Is that fair? Maybe not, but who promised you justice? Is it logical? It is, once you recognize that this great country is entertainment-addicted, and those three performers are consummate entertainers. All that tournament pool players do, in the main, is run the balls.

And they’ve steadfastly refused to learn that that’s not enough, simply because that’s what an unknowing public expects them to do. Loyal audiences are drawn to an entertainment by what the attraction unexpectedly brings to the party. We expect Steel to create great characters and plot, using complete sentences. We expect Schwarzenegger to memorize his lines. We expect Madonna to be able to carry a tune, and sometimes she does. But we part with our good money to watch them go outside those lines.

If you don’t see the relevance of those examples, consider the howling success of Paul Gerni. On a competitive basis, Paul Gerni would have all he could handle and them some with me. Yet Gerni out-earns hundred-ball runners because instead of investing thousands of hours into honing his game, he invested them in perfecting his niche. Gerni took trick shot exhibitions further uptown than anybody else, specializing in a radiant burst of eloquence, poise, charm, showmanship and urban savoir faire.

“But I can’t be that,” today’s typical professional says, not incorrectly. “That’s not me, and even if it were, it would take away from my focus. I have to focus to win.”

Valid enough. But somebody’s going to have to storm that Maginot line if you expect to wage any assault on the public’s consciousness. As long as 9-ball remains the pros’ game of choice, it’s virtually certain that there will be no dominant champion. And while that’s healthy in several ways, it precludes the pro game from ever wooing the public with a concept that never failed in any other sport, including pool. The opportunity that remains, hovering precariously in the dominant-champion void, is that of a charismatic-player-as-figurehead.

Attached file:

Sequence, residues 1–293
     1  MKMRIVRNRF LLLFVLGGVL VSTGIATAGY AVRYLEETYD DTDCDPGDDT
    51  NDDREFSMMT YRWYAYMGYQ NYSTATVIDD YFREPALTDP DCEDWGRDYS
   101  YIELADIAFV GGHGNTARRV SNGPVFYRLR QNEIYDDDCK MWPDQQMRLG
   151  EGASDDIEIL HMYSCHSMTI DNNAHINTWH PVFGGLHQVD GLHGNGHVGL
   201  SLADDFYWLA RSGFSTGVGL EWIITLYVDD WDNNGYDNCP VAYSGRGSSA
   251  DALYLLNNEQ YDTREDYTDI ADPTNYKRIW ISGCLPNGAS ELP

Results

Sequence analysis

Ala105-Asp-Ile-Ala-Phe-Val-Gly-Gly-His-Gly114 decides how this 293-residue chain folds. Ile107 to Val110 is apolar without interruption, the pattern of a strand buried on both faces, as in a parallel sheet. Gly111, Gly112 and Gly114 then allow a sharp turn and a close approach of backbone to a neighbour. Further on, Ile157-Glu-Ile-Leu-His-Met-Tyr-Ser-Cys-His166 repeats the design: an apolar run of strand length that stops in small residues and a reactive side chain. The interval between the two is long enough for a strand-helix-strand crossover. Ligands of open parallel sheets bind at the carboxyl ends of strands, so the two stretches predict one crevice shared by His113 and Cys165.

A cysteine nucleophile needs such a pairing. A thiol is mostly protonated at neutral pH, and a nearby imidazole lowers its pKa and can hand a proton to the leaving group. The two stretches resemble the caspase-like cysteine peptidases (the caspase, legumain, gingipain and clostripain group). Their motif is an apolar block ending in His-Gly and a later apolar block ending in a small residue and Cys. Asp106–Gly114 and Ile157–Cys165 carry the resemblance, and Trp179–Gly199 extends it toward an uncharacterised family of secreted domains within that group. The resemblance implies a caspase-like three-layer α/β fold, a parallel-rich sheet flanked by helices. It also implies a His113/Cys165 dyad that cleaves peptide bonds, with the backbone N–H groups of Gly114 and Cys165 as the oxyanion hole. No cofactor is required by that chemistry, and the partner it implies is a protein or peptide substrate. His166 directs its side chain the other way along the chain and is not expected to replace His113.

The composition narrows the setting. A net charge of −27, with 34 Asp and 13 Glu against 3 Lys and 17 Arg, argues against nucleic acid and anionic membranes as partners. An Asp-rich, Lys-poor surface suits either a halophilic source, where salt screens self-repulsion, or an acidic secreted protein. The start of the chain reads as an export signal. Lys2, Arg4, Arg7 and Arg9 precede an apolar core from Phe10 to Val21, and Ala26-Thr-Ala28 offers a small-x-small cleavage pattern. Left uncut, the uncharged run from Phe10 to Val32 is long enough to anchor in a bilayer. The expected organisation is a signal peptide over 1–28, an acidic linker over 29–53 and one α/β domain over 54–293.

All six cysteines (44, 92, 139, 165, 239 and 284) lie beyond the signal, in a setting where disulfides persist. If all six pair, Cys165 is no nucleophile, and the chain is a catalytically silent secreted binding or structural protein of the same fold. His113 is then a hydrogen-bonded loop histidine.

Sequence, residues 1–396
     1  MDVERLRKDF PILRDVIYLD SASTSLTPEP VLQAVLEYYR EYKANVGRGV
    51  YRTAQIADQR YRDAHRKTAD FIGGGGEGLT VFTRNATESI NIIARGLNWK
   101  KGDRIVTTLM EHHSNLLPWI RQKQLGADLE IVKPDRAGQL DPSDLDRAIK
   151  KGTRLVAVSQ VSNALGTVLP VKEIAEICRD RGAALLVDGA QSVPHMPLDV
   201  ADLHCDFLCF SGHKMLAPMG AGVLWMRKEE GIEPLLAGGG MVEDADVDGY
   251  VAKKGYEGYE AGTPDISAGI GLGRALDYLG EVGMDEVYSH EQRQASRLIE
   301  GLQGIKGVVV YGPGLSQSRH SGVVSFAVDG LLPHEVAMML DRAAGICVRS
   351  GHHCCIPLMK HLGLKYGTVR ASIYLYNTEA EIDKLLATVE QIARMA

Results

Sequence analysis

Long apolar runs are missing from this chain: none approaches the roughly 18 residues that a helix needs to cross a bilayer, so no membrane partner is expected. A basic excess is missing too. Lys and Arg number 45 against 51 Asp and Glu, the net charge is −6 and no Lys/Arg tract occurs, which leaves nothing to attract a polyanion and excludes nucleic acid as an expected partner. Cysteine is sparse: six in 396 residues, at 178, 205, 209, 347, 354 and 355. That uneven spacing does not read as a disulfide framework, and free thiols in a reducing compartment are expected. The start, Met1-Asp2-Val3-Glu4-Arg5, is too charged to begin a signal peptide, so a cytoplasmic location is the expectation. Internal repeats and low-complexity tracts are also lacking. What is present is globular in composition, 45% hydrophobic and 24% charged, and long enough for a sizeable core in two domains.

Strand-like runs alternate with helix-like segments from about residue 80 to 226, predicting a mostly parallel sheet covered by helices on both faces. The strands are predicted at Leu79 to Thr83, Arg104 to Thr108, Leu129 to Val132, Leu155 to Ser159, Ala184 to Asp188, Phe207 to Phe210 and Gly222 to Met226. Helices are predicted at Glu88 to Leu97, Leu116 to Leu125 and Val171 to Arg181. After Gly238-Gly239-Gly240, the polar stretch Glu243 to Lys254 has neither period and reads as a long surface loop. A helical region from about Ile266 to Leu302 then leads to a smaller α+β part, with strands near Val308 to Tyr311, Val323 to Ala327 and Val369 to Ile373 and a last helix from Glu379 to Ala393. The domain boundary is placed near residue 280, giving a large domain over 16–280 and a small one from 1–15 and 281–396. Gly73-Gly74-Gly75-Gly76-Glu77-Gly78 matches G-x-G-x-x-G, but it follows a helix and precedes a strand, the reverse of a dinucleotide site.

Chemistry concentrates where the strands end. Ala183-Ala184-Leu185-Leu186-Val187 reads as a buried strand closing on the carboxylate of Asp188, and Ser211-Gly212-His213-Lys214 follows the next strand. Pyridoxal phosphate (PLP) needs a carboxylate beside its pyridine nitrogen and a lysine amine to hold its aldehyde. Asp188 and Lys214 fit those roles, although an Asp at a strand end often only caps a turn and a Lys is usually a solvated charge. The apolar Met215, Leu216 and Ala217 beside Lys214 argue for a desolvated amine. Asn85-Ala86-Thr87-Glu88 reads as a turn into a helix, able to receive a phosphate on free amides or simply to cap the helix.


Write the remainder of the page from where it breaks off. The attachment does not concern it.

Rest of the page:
Schwarzenegger was both, making him even more rare. He single-handedly elevated the mass perception of his sport from a back-alley gym collection of preening oiled beach bums to a legitimate sport that attracts 20 million-plus participants and generates gobs of television time.

But male pooldom has neither a dominant star nor a charismatic one and can’t or won’t acknowledge that your players’ success at the table depends heavily upon who and what you are away from it. You want recognition, but clam up horribly before mikes and cameras; you want athletes’ stature, but hardly any of you carry yourselves that way and far too many of you are overweight; you want credit for upgrading the game’s image, but too many of you are the same friend to the English language that Dr. Mengele was to the Jews.

That you and I exist on vastly different levels of playing skill does not make what I have to say any less true. I know something about that audience you seek to attract; listen to me. Or if not to me, to someone else. You’re long overdue to start listening to somebody besides yourselves.